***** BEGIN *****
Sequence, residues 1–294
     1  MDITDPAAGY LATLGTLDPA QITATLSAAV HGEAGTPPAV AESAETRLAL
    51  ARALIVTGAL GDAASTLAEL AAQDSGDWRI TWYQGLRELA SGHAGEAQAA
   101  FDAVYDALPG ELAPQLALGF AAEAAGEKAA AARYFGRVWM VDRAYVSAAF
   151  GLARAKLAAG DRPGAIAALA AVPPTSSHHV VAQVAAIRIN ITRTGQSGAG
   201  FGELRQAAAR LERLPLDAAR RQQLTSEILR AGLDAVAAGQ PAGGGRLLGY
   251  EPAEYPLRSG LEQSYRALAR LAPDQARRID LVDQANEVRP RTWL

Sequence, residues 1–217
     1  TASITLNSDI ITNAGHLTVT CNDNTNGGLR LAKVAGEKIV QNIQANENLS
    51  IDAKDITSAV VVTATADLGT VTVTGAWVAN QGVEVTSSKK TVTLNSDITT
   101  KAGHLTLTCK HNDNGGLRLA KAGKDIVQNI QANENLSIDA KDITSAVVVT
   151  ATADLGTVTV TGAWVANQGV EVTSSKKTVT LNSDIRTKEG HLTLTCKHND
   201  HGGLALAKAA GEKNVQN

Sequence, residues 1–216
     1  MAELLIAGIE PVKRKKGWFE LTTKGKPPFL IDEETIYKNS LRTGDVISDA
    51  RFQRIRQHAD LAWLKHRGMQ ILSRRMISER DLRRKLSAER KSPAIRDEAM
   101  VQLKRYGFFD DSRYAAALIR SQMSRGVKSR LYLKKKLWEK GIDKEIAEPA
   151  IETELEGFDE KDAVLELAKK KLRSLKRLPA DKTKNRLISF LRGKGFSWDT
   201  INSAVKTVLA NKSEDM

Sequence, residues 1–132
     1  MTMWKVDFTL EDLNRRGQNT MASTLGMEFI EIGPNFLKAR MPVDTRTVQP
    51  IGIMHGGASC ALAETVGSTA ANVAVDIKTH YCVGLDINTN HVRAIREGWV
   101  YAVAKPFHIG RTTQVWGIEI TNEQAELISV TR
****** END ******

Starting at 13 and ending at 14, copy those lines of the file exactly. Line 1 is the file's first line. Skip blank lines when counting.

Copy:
   201  HGGLALAKAA GEKNVQN

Sequence, residues 1–216